Mobile advertising fraud is on the rise. According to the Association of National Advertisers it will cost the industry $7.2 billion in fraudulent clicks and bot-generated traffic across both mobile and desktop properties.
The US, Indonesia and China are the countries with the highest rates of fraudulent installs. And when it comes to operating systems, Android accounts for 70% of fraudulent app installs compared to 30% on iOS.
But what exactly are the different types of advertising fraud; and what is the industry doing to combat mobile ad fraud? Mobile advertising and monetisation network Mobvista has provided a comprehensive Anti-fraud Whitepaper to answer all of these questions.
Let’s start with a definition. What is mobile advertising fraud?
Charles Xi, President of Mobvista US, explains that term “describes the methods that some less reputable ad networks use to generate revenue through falsely triggering ad impressions on mobile websites and apps.”
Fraudsters inflate the performance of their ads by using fake views, clicks or installs. Advertisers and ad networks still have to pay for that traffic.
The different types of advertising fraud include impressions, clicks, conversions or in-app activity and installs – anything that generates revenue for a fraudster. In addition, there is attribution fraud.
“The end goal with attribution fraud is to be attributed for the purchase, rather than the legitimate campaign that originally prompted the purchase,” Xi says.
The problem is one of sophistication: although most advertising fraud is still crude as it relies on programmes, increasingly sophisticated measures are being installed.
As an example, the Methbot hack by Russian fraudsters in 2016 made ad exchanges believe that fake websites were premium ones, generating estimated advertising losses of up to $5 million per day. Xi adds:
“I believe that most advertisers are aware of ad fraud – but don’t appreciate the scale of the problem. The truth is that any campaign of significant scale is at risk of fraud, and it requires joined-up thinking on the part of advertisers, ad networks, attribution partners and other players in the ad ecosystem to coordinate our efforts.”
So what is currently being done to combat advertising fraud?
According to Google, advertising fraud is now a part of digital advertising although the company continues to remove fraudulent ads. In 2016, Google removed 1.7 billion adverts for a variety of reasons including fraud – twice the number it purged in 2015.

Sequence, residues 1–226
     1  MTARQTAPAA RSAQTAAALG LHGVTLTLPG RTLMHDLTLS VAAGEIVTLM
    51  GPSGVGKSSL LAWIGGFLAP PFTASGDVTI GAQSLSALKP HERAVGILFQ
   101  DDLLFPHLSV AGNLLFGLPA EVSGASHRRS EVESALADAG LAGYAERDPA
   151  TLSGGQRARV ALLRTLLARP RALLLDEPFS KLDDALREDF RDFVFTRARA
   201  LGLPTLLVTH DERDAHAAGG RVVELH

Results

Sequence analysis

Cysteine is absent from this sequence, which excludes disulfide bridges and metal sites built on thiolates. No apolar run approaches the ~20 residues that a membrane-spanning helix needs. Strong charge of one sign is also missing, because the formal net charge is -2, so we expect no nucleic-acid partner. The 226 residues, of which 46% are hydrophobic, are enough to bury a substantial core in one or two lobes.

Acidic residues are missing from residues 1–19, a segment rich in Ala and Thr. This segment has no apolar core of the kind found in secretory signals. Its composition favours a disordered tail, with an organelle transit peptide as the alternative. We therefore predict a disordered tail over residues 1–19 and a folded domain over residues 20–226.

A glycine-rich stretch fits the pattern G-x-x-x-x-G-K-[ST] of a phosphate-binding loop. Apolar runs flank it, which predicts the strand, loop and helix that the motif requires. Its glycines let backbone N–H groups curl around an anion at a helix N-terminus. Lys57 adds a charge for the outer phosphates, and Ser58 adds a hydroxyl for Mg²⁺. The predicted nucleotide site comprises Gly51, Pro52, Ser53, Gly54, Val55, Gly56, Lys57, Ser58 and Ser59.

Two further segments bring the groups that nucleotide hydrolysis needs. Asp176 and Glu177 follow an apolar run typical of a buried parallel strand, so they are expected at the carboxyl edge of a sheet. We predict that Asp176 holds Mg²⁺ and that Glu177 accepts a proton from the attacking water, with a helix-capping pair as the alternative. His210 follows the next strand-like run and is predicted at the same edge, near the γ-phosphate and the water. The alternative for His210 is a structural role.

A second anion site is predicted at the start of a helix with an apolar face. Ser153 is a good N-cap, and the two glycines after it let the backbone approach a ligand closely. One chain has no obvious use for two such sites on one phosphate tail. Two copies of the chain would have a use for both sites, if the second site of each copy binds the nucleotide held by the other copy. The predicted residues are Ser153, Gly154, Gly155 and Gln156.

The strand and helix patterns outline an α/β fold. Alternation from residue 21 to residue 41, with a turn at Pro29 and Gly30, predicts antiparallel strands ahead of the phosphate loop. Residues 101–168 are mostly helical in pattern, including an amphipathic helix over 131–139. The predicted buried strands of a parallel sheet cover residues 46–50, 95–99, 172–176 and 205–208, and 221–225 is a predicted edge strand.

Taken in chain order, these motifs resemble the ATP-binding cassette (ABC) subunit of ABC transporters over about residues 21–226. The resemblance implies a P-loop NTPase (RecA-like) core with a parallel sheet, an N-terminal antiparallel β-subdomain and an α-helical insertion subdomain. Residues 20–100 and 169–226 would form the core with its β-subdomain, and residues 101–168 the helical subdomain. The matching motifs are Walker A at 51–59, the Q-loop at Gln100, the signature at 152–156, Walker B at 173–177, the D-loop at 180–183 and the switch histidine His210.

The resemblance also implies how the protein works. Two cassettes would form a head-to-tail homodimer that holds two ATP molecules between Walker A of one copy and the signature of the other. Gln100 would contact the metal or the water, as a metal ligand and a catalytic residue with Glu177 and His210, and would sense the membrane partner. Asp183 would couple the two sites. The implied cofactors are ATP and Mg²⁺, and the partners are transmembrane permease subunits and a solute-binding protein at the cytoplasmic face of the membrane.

Xi says that one of the most important things advertising companies can do is analyse their data to track all campaigns and everything that is going on.
“In the case bot-based click fraud, there are certain patterns that allow suspect activity to be filtered and quarantined. The same is true with IAP fraud, which can be detected and blocked quickly once detected.”
“IP Filtering is another tool used by attribution companies and networks that are trying to prevent fraud. This examines where traffic is coming from, meaning you can block IP addresses and other sources where fraud is originating from.”
It all comes down to implementing the right algorithms to manage the data and check for anything suspicious or abnormal within. However, it still requires the human touch to assess if ads really are fraudulent or not.
Although Xi is optimistic, he points out that ultimately money is what keeps fraud going.
“The challenge – as with any part of life where fraud occurs – is that where there is money, there is motive. And there is a lot of money in mobile advertising.”
Mobile advertising fraud is certainly becoming a much more hotly debated issues among companies and advertisers. Indeed, the American Association of Advertising Agencies (4A’s), the Association of National Advertisers (ANA) and Interactive Advertising Bureau (IAB) created the Trustworthy Accountability Group (TAG) have all announced transparency measures to boost anti-fraud practices.
“Advertisers, mobile measurement platforms, ad platforms and other anti-fraud tech service providers are starting to band together on fraud. You could say there’s a growing ‘anti-fraud fight club’. It doesn’t matter where in the mobile ad value chain a company is, fraud impacts the whole industry.”